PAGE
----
With so many people working in close proximity to each other, and all in essentially the same (very large) room, noise can be a problem. Earphones, headphones and earbuds are the universal signs to ‘do not disturb’ in offices. They’re seen as essential items by some office workers: this article from The Atlantic relates the tales of people who have returned home or even bought new headphones if they’ve forgotten them, such is their inability to face a day at their desk without some form of noise control.
Workers can also get distracted by colleagues physically moving around. As Sally Augustin, an environmental psychologist, put it to The Wall Street Journal: “If we see a bunch of people gathering in our peripheral vision, we wonder, ‘What are they talking about? Did somebody get laid off? Are they coming to lay me off?’” It’s these unpredictable movements in our peripheral vision that distract us, says Sabine Kastner, a professor of neuroscience and psychology at Princeton University. Individuals’ ability to filter out visual stimuli varies, making it tricky for some to concentrate in a bustling workspace.
And the more often we are interrupted, the less productive we are. One 2018 survey says 70% of workers feel distracted (jumping to 74% for millennials and gen Z-ers – that’s anyone born between the early 1980s and the early 2010s), and it can take more than 25 minutes for some to then return to work. Even short interruptions of just 2.8 seconds can double the number of errors we make.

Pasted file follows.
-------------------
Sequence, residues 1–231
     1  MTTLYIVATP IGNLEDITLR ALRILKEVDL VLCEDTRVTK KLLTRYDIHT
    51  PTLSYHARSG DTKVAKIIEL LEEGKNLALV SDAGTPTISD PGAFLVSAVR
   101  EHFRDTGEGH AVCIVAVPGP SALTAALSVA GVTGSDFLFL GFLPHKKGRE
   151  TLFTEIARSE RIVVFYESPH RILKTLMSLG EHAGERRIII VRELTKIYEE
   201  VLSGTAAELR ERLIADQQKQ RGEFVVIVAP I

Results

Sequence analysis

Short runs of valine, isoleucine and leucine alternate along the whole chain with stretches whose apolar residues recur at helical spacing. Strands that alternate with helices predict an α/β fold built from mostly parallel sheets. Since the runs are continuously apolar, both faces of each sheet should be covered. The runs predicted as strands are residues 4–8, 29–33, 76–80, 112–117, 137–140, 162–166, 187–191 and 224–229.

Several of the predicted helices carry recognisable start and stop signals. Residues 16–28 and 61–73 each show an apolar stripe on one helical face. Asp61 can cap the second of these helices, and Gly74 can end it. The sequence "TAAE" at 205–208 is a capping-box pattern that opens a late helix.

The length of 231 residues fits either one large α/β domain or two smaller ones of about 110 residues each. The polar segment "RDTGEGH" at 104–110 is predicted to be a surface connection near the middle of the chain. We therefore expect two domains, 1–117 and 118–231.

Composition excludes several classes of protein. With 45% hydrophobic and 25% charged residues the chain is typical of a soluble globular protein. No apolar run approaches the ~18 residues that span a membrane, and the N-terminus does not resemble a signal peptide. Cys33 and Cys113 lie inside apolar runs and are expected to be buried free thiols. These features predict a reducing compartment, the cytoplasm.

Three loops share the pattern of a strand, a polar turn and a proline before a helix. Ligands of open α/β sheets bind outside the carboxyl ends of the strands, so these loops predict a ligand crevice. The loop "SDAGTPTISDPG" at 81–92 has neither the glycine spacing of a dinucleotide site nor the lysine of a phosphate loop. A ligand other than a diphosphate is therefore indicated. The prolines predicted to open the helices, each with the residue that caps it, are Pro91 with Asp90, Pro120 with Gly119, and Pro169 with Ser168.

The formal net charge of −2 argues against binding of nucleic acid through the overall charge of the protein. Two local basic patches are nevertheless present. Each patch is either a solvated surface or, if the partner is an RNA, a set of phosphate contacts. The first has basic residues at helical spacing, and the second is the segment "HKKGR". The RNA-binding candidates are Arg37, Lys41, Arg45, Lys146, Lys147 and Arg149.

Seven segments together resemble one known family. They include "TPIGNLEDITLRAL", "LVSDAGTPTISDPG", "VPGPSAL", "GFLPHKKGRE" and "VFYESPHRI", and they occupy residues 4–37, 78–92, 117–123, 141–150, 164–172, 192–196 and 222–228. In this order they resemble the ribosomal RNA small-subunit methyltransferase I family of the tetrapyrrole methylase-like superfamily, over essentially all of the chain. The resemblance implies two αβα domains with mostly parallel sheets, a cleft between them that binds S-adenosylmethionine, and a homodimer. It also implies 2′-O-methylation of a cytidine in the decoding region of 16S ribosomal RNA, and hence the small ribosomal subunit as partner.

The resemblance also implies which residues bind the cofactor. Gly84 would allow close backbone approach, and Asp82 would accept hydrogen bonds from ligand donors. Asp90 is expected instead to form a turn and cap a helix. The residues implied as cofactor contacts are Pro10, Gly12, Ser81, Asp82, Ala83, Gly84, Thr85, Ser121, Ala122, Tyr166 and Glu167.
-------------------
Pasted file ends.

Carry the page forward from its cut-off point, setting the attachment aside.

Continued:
“In my opinion, open-plan offices kill productivity and efficiency,” says Liza Andersin, HR director at findcourses.co.uk. “Employees have a huge amount of visual and oral distraction in such a busy, noisy, open-plan space – which can elevate a person’s stress levels due to the lack of peace and privacy.”
So how can we make these office spaces work for us? First, it might be worth seeing if your set-up is actually working or not. Heather Myers, chief psychology officer for personality science company Traitify, says leaders should ‘rethink their hyperfocus on teamwork’ – people may not say anything in case it seems like it goes against company culture, or may make it look like you aren’t a team player.
Private areas might be something to think about. A 2013 study by the University of Sydney – which looked at more than 40,000 workers in 300 US office buildings – concluded: “Enclosed private offices clearly outperformed open-plan layouts in most aspects of IEQ (Indoor Environmental Quality), particularly in acoustics, privacy and the proxemics issues [when people are uncomfortable in close proximity to others].”
And a 2012 study by the Harvard Business School found Chinese factory workers were 10-15% more productive when shielded from their supervisors’ view. This was because they felt more free to experiment with problem-solving and efficiency improvements.
Except there’s a problem: most organisations can’t just move to a building that’s got a better setup, or extensively reconfigure what we already have. And money is one of the reasons why open-plan offices are used – have a look at this analysis of real estate savings of larger US companies, as square footage per employee has decreased.
But there are some workarounds. Rachel Morrison of the Auckland University of Technology offers numerous suggestions, such as areas of free desks, bookable offices, and collaborative workspaces for group work, and breakout areas for more informal team discussions.
You can also try positioning plants, panels and bookshelves strategically to help mitigate the distraction caused by the workplace’s usual hustle and bustle. And yes, even use your headphones to counter distracting noises.
However, as Morrison says, some spontaneous interactions with our colleagues is essential – we just need to strike the correct balance in open-plan offices to make sure the collaborative benefits don’t outweigh the distracting drawbacks.